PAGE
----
In my lab meeting this month, we discussed writing operations research publications. We read How to Write About Operations Research by Gerald G. Brown at the Naval Postgraduate School, a fabulous guide for writing technical publications in the field of operations research written in 2004. The entire paper is worth reading and discussing. The paper starts by introducing a “grand, unified design for any OR publication.”

There are five simple, essential questions you must answer in your publication, preferably in this order:
1) What is the problem?
2) Why is this problem important?
3) How will this problem be solved without your help?
4) What are you doing to solve this problem?
5) How will we know when you have succeeded?

The paper introduces a series of writing recommendations, which we discussed by listing our favorite and least favorite recommendations. My two favorites are ones that I often tell students:

  • Start each paragraph with a topic sentence.
  • Make sure that just reading your paragraph-by-paragraph topic sentences conveys all of your publication.

I also like these three recommendations:

  • Use active voice
  • Use present tense
  • Work at it

Afterward, as a group we brainstormed recommendations that we felt were missing from the list. Here is what we came up with:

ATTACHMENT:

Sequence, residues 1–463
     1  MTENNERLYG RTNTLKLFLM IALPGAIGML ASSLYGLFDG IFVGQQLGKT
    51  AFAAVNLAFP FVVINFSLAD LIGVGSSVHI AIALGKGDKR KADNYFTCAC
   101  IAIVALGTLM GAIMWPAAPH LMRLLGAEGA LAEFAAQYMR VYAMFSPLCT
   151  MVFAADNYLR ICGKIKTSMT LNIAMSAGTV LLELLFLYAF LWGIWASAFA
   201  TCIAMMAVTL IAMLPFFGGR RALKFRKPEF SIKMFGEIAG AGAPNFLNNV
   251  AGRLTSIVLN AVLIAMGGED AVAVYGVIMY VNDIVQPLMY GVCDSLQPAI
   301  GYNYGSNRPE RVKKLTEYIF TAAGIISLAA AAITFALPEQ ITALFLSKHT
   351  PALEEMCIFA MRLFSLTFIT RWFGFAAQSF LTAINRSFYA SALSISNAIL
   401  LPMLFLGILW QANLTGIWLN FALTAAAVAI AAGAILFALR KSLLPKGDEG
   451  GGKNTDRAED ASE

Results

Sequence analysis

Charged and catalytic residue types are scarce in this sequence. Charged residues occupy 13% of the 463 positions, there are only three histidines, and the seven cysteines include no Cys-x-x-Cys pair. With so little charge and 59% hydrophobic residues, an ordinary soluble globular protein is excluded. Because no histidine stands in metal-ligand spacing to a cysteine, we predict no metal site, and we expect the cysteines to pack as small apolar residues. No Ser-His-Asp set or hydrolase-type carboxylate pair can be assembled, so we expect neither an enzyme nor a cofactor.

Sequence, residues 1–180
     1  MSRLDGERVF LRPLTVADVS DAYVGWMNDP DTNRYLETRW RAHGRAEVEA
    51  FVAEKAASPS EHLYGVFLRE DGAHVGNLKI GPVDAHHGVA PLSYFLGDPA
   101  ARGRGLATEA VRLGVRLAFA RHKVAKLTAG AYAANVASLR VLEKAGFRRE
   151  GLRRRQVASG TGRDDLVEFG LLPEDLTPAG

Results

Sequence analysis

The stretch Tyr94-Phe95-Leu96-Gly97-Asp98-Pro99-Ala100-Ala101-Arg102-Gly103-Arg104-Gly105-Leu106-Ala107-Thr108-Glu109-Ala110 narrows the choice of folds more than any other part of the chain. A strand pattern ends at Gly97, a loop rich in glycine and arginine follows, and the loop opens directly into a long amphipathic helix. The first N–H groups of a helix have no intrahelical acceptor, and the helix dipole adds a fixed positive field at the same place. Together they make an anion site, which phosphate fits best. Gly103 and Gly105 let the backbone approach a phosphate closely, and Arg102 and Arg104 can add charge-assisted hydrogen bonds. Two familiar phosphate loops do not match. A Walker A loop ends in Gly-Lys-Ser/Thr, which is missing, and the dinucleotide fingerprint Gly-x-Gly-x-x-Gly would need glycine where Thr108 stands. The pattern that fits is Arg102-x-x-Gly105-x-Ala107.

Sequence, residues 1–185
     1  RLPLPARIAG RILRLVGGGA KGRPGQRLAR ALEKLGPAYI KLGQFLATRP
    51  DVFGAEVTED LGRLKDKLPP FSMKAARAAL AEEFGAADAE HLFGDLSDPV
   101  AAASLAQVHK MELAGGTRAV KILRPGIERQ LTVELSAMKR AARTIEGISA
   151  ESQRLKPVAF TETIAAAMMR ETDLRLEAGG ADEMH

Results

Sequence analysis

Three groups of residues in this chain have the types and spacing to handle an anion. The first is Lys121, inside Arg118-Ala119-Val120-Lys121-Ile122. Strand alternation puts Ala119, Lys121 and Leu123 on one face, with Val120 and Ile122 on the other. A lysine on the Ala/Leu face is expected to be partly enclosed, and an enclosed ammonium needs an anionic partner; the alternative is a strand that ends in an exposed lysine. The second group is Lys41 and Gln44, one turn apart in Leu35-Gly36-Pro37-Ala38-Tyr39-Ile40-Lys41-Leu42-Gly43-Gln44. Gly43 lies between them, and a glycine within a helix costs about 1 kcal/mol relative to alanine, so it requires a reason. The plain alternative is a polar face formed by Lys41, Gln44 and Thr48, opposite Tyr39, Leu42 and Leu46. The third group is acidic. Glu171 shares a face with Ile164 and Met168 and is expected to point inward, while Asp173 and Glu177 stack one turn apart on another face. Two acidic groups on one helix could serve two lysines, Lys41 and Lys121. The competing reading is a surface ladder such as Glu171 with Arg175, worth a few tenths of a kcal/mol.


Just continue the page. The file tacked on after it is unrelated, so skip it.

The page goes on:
• Read your writing out loud as you edit.
  • Use inclusive and gender neutral language.
  • Describe all tables and figures in the text, i.e., do not just refer to the tables and figures.
  • Be consistent with terminology.

What are your favorite writing tips?

the next chapter as department chair

I’m honored to step into the department chair role. As of July 1, 2021, I have been the David H. Gustafson Chair of Industrial and Systems Engineering at the University of Wisconsin-Madison. Below is an article about this transition and the next chapter in my professional journey. I am grateful to follow in the footsteps of Jeff Linderoth and Vicki Bier before that.

on the art of modeling

Operations research is a model-centric discipline. We use many mathematical models such as scheduling, assignment, facility location, inventory, and queueing that are presented in operations research textbooks. Formulating new models is often a major contribution in many of our research papers.